24 January 2005 | jackush
A concealed jewel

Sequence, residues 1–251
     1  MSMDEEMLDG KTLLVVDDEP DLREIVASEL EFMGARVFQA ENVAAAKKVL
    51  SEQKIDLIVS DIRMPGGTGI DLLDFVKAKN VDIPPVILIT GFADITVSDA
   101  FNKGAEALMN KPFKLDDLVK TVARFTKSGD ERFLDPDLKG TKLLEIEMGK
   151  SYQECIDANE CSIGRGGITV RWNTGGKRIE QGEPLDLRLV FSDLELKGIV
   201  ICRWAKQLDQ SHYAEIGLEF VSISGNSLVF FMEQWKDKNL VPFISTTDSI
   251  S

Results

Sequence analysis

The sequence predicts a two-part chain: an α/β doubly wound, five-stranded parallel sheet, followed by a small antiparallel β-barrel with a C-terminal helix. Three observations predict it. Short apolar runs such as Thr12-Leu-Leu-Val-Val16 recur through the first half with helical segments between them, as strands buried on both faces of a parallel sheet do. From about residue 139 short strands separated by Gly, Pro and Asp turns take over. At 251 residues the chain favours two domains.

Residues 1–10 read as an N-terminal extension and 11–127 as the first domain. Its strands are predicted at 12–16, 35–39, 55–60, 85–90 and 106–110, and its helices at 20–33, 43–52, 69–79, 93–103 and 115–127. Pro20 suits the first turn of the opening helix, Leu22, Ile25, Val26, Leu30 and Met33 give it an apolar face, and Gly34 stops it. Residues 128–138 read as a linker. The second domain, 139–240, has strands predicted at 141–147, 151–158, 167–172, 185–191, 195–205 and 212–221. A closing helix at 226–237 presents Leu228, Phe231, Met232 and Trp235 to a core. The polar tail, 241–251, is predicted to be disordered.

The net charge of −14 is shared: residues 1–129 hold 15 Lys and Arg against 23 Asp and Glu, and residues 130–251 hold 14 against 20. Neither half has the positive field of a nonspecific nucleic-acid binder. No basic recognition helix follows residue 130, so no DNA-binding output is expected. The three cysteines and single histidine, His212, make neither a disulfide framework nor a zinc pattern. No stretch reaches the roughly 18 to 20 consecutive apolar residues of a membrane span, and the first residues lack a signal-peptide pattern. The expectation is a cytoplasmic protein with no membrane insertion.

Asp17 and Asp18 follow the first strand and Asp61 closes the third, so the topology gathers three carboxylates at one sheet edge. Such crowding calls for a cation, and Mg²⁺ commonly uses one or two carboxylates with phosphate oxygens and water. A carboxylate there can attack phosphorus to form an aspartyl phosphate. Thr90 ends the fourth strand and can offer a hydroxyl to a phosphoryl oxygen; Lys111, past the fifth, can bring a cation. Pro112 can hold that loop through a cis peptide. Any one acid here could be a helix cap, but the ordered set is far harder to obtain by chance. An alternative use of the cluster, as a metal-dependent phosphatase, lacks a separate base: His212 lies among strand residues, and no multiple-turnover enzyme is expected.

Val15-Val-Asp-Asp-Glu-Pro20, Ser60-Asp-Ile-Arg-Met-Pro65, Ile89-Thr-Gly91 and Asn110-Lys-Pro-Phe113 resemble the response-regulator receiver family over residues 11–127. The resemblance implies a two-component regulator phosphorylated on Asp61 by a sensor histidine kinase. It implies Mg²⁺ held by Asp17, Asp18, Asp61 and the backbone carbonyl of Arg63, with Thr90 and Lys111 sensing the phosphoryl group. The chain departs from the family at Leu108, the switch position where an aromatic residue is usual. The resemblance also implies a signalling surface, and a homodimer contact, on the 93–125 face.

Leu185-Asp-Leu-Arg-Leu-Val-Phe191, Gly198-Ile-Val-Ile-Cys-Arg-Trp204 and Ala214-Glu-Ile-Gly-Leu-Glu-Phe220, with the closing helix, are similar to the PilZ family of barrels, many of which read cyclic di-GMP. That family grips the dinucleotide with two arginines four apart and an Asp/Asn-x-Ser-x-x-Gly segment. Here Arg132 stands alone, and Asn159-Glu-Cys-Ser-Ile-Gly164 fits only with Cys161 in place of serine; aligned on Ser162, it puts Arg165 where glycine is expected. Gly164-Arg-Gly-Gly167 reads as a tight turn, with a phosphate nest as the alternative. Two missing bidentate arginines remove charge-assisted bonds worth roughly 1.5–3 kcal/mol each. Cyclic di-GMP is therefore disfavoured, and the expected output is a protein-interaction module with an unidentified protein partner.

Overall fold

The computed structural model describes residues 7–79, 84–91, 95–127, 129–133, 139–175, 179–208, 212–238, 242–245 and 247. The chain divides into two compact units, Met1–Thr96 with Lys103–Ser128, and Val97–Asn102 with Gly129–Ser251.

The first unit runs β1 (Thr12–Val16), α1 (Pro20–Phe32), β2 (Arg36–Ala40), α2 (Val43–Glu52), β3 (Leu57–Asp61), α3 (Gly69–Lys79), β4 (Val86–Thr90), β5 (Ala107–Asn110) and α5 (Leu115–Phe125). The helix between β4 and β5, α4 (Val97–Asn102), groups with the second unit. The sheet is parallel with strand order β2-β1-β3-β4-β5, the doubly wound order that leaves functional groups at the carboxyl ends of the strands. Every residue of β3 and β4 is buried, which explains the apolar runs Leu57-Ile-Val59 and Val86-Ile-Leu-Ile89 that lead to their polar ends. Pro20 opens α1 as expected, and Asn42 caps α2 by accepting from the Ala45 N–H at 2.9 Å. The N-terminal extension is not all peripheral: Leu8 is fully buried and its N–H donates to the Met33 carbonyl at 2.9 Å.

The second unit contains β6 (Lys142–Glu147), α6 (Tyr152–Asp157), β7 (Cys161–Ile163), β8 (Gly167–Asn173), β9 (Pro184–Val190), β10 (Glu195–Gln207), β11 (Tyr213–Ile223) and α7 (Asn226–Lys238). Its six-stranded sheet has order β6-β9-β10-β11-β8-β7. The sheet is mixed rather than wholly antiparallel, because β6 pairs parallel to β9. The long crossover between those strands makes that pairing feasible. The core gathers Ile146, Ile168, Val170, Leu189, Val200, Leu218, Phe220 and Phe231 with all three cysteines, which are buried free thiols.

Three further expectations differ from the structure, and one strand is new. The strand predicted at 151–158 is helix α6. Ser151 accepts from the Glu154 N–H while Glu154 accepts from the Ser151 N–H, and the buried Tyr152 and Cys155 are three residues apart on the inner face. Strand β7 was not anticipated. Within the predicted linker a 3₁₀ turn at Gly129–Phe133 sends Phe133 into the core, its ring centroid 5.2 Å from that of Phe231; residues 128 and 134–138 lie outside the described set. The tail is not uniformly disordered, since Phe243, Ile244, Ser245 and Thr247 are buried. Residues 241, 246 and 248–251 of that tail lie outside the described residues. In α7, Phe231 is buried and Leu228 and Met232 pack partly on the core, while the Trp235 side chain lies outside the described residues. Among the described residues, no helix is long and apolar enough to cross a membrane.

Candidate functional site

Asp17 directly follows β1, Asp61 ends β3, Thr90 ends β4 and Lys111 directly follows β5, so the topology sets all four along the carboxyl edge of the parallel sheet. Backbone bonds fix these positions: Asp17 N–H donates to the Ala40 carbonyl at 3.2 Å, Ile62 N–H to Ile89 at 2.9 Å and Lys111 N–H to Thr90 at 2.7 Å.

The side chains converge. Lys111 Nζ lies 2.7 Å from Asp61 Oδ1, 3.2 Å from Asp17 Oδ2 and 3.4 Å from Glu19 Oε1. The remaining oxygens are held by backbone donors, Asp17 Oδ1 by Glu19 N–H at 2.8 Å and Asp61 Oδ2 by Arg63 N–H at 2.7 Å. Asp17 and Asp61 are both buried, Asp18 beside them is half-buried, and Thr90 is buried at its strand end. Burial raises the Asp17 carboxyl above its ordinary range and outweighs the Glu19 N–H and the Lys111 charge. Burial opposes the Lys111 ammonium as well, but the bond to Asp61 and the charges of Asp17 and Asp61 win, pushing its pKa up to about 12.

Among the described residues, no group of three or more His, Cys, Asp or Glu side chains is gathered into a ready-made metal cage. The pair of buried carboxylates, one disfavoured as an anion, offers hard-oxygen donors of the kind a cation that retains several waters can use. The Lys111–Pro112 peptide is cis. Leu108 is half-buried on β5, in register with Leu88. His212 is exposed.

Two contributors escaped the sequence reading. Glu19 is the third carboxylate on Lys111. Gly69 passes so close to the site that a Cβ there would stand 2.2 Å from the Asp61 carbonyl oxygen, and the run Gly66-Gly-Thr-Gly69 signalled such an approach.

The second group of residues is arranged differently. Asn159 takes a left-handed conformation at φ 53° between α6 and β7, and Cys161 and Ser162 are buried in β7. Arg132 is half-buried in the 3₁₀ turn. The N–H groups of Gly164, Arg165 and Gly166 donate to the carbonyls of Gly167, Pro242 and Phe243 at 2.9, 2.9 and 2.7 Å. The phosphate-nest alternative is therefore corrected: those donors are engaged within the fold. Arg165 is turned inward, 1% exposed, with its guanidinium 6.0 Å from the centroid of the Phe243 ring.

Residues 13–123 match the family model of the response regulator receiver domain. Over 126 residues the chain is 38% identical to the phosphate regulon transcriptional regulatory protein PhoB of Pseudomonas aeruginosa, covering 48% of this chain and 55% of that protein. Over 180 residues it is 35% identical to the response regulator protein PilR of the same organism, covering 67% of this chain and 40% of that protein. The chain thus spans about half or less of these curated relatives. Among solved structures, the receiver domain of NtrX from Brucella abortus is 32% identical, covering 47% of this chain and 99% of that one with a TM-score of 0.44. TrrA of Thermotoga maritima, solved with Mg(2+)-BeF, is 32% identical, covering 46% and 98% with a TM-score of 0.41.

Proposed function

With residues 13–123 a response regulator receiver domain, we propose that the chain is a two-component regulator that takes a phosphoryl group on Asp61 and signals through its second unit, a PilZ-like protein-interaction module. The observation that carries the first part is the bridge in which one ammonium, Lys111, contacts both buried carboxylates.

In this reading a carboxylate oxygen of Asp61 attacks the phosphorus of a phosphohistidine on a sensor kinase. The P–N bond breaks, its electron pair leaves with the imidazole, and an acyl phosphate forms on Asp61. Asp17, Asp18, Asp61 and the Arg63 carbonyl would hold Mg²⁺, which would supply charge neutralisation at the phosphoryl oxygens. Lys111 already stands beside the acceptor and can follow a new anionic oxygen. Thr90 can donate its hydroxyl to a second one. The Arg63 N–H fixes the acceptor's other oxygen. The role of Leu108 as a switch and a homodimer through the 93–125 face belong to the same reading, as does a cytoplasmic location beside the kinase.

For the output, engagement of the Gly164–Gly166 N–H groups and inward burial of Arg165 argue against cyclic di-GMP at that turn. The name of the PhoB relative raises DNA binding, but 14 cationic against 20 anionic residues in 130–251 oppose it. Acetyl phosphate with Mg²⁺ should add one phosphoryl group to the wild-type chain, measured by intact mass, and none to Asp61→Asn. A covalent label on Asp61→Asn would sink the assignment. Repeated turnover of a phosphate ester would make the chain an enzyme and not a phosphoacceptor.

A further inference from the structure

The fact that this is the very first commentary here shows that we don't deal with one of the most famous movies of the great Spanish master, and this fact is really stunning. Even if not set in the dance medium, especially flamenco and tango, with which Saura is generally linked, this movie is highly personal. Saura is one of the very few directors who succeed to be very national in its cinematographic language."Elisa" is no exception: the outdoor images, looking like De Greco and Goya paintings, the stunning performance of the actors remembering sometimes flamenco intensity, give to this movie a glorious cinematographic presence. The issue which stands in the center of this movie is a universally and uneasy one: the relation between father and daughter. Saura knows to avoid a tabloid depiction of this relation, although it doesn't avoid the border-line oedipal tensions. Throughout settled mostly in a chamber-music like duet, it doesn't have the claustrophobic Bergman character. The movie is a love duet, with its aggressive and passionate outcome. Awesome experience. .